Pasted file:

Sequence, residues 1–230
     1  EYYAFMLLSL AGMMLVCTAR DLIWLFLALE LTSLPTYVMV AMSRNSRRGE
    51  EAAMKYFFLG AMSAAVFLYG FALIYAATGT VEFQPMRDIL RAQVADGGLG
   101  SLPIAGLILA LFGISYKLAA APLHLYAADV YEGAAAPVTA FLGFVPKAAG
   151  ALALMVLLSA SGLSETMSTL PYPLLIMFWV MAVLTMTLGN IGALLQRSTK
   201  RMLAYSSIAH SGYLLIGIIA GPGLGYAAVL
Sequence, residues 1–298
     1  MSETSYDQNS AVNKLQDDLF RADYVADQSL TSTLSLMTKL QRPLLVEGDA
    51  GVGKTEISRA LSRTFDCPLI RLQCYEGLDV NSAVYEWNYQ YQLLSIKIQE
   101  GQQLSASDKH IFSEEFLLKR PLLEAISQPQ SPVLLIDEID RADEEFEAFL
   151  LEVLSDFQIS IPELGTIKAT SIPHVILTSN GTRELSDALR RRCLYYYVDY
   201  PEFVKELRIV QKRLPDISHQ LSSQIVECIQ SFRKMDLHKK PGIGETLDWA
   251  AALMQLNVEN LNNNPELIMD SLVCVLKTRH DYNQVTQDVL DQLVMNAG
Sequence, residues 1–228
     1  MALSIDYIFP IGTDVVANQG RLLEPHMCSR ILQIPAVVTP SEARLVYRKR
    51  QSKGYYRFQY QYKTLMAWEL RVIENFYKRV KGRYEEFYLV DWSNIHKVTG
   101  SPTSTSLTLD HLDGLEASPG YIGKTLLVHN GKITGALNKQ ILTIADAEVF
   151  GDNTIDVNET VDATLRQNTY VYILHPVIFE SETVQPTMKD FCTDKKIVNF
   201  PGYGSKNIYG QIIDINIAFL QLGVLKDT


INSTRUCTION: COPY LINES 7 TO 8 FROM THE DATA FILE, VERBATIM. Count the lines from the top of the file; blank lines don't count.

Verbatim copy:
Sequence, residues 1–298
     1  MSETSYDQNS AVNKLQDDLF RADYVADQSL TSTLSLMTKL QRPLLVEGDA